Big Giver: John Lyon's Charity

Cathryn Pender, grants director at the trust, talks to Jenna Pudelek about funding organisations that improve the lives of children through education

Cathryn Pender
Cathryn Pender

John Lyon's Charity has a clear mission to improve through education the lives of children and young people living in nine London boroughs.

Cathryn Pender, grants director at the trust, which has a funding pot of about £6m a year, says the charity considers education in a broad context and funds organisations that range from local youth groups to art institutions such as the Tate.

As part of the Harrow School Foundation, which includes the two independent institutions Harrow School and the John Lyon School, "our history is steeped in education", she says.

The trust funds registered charities and voluntary organisations working in the London boroughs of Barnet, Brent, Camden, Ealing, Hammersmith & Fulham, Harrow, Kensington & Chelsea and the cities of London and Westminster. Programme areas include arts in education, children and families, education and learning, emotional wellbeing, special needs and disabilities, sport, training and youth clubs, and youth issues such as bullying and homelessness.

"We tend not to fund bigger charities - we are much more grass-roots oriented," says Pender. "We look for organisations that are responding to need on the ground.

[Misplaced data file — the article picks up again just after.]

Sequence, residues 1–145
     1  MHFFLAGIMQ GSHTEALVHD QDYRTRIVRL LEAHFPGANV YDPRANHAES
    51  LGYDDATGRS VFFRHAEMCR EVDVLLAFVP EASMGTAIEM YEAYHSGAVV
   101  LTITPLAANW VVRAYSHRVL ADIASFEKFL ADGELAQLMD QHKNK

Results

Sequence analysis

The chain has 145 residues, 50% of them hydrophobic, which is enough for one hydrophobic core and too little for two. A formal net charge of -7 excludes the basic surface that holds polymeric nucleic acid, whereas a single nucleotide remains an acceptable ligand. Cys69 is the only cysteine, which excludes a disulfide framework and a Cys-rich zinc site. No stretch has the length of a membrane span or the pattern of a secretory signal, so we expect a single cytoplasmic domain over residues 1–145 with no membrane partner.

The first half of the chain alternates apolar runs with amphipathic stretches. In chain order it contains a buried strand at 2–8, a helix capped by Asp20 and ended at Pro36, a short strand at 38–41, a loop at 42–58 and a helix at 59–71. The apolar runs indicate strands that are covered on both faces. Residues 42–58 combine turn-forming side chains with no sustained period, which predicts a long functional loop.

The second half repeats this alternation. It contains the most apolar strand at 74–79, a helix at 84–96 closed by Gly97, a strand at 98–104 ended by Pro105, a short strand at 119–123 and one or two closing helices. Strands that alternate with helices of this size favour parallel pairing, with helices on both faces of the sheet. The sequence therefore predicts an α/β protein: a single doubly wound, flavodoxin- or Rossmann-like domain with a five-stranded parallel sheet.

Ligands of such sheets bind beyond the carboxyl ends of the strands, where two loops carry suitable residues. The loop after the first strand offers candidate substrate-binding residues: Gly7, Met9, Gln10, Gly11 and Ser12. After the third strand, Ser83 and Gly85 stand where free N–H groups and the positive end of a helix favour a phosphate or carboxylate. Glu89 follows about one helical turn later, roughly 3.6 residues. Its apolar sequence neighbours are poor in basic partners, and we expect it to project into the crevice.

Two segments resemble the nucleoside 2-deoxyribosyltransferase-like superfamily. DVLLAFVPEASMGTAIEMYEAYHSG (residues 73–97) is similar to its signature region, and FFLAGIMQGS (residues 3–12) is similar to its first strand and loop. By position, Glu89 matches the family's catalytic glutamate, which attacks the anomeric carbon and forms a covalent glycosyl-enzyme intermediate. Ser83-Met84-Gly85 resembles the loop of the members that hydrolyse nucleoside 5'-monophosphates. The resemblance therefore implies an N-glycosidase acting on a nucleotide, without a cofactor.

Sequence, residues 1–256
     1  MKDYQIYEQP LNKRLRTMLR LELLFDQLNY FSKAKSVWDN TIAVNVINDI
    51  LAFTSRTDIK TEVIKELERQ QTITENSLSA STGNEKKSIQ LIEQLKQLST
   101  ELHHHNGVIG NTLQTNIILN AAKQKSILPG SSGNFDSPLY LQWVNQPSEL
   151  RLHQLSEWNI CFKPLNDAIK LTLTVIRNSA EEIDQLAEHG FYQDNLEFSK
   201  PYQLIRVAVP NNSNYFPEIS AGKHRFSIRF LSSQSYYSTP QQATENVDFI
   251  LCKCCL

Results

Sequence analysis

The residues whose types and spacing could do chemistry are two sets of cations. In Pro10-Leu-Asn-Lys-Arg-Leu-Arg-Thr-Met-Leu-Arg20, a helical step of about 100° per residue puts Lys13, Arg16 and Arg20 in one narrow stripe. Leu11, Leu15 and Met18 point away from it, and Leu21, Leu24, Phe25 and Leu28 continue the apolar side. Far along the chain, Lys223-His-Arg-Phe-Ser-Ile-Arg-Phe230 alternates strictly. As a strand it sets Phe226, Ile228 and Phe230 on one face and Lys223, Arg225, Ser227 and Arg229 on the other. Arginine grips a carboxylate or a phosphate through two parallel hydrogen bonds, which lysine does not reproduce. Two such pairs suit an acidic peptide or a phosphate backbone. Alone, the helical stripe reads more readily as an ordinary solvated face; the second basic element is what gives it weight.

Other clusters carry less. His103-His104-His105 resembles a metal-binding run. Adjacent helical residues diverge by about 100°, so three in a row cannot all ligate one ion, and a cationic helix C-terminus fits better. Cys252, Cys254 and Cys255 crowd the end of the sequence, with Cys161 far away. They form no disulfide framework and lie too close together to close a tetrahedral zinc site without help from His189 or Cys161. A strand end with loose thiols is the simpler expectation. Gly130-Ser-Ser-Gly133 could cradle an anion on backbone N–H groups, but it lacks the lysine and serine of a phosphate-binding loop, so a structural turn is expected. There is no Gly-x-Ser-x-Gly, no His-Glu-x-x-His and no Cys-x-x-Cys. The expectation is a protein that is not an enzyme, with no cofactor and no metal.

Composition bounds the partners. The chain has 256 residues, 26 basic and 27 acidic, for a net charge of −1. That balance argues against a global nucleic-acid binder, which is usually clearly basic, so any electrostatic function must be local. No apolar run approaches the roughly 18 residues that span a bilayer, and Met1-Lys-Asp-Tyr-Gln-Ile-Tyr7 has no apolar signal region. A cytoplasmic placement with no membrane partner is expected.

"We look for need and the quality of delivery and experience for the beneficiaries. We are not necessarily about reinventing the wheel and we are not really looking for new and innovative things - there is room for that, but not for the sake of it."

Pender says the trust likes organisations to be honest about what they do and it will fund core costs.

The trust funds schools, usually in partnership with voluntary sector organisations. It has also worked with Beanstalk, which provides volunteers to help primary school children with reading. It receives a lot of applications to fund emotional support, counselling and psychological therapies, she says.

The trust also supports arts organisations. One of its aims is to get children in its beneficiary areas out of the classroom and into world-renowned art institutions. One example of this was providing funding for the Tate project for young people in care to work with artists. Another was providing a capital grant to the Globe Theatre's education space.

Grants are awarded over three years and include smaller grants of up to £5,000. There is a main grants programme with no maximum grant but an average payout of about £20,000.

"People should apply for what they need," Pender says. "We like to work closely with organisations."

Examples of recent grants include £20,000 towards the Shepherds Bush Families Project & Children's Centre's children and young people's service, which provides after-school and holiday activities for those with difficult living conditions.

A grant of £25,000 was given to Bang, a community organisation in north-west London founded by young people who design and develop activities and alternative education programmes. It also runs an award-winning community radio station called Bang FM.

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